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Del. Benson moves forward with suit against school board

July 17, 1997

By VANDANA SINHA

Staff Writer

Maryland Delegate Joanne C. Benson said she is moving forward with a lawsuit against the Washington County Board of Education for what she alleged was student neglect, and she asked for support from the black community during a Wednesday night meeting.

Benson, D-Prince George's, said she plans to file a civil lawsuit against the school board for a practice by which she said some administrators encouraged certain students to drop out of school.

"Without a doubt, this is absolutely true," said the former Prince George's County principal and teacher.

"When these kids turn 16, these people encourage them to drop out of school or set them up to kick them out," she said.

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Benson spoke to about 20 people who attended a joint meeting of National Association for the Advancement of Colored People and Brothers United Who Dare to Care.

None of those present voiced opposition to Benson's plan to take legal action.

But school board officials said they have never heard of such incidents, which they said would have been brought to their attention by now if they had occurred.

"We have a very strong commitment to keep our young people in school for successful learning," said school board President B. Marie Byers in a telephone interview.

She called the claims "outlandish."

But some teachers agreed that Benson's claims were accurate.

"They've asked me to participate in railroading students out of the system. I've always refused, but it does exist," said Kurt Britner, a former North Hagerstown High School instructional assistant who was involuntarily transferred to the Alternative School.

"I've seen it happen. I have been asked to lie about a student, so they could send him to Brooklane (Psychiatric Institute.) I have watched them set students up," he said.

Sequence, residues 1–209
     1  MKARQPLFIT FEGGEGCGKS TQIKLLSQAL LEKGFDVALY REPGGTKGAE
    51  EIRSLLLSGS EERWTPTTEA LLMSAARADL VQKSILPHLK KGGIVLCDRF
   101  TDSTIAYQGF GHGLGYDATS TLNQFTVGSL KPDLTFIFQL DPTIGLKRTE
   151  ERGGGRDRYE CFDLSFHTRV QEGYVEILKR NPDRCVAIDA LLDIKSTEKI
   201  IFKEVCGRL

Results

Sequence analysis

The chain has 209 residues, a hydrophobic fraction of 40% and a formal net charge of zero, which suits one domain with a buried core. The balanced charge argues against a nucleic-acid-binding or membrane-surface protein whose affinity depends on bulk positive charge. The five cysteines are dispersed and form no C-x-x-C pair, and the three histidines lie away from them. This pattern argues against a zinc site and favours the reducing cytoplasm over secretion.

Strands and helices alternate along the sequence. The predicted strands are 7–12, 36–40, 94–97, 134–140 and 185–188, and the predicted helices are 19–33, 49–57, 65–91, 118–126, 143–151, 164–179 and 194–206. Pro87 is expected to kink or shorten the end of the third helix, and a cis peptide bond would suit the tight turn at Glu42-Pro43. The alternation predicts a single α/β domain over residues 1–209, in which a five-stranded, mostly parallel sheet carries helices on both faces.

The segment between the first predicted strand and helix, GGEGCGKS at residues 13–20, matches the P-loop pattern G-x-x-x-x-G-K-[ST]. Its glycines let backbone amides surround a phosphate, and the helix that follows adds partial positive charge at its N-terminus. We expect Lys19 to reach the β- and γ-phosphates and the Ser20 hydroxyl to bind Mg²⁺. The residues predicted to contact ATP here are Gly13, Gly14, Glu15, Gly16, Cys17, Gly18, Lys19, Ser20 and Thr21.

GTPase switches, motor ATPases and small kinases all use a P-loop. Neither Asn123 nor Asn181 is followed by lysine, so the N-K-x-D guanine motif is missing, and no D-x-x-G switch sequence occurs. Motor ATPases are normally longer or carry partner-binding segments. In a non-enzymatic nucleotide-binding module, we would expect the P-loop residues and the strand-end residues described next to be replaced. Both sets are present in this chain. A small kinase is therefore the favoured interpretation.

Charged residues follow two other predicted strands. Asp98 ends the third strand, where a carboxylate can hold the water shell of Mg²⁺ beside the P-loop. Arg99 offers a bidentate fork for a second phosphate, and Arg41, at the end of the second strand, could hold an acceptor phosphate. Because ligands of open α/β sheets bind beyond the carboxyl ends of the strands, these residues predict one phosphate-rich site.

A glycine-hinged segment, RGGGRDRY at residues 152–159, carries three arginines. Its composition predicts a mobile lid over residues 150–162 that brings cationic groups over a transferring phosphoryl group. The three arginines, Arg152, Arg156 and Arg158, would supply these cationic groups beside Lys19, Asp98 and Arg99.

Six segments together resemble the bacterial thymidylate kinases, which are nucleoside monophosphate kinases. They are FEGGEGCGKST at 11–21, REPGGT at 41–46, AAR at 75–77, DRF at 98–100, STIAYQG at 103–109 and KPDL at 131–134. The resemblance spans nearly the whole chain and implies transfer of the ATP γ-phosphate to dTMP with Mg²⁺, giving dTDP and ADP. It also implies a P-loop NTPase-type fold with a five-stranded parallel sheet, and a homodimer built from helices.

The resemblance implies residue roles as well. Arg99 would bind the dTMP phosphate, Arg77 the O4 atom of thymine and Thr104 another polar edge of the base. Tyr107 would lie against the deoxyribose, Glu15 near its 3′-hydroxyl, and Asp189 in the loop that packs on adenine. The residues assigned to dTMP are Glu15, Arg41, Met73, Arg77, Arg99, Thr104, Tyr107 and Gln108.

Several members of the audience stood up and spoke of school board experiences in which their children were labeled as troublemakers and suspended from class, despite having a learning disability or disorder.

"My son...was labeled as a problem child. He just wasn't getting what he needed," said Mercedes Pantophlet, referring to her 10-year-old son who she said has Attention Deficit Disorder.

"Half of the problems are not his fault. The school said they had to put him on medication or kick him out," she said.

Benson, a Hagerstown native, said she will form a community task force informing parents about their children's educational rights and bring a lawyer to the next community meeting July 31.

Brothers United Who Dare to Care members also plan to attend the next school board meeting to express their concerns.

"If they don't understand that we are serious, they will soon learn that we're not playing with them," said Benson, who said her nephew was moved from school to school when he was diagnosed with Attention Deficit Disorder.

"I need to know I have support of the community," she said to the audience of black residents who made up a minute percentage of Hagerstown's black population. "We as a community have become complacent and laid back."

Donald Davis, president of the NAACP's Washington County chapter, offered his support for Benson's plan.

"We have got to fight these things. We got to do what we got to do for ourselves," he said.

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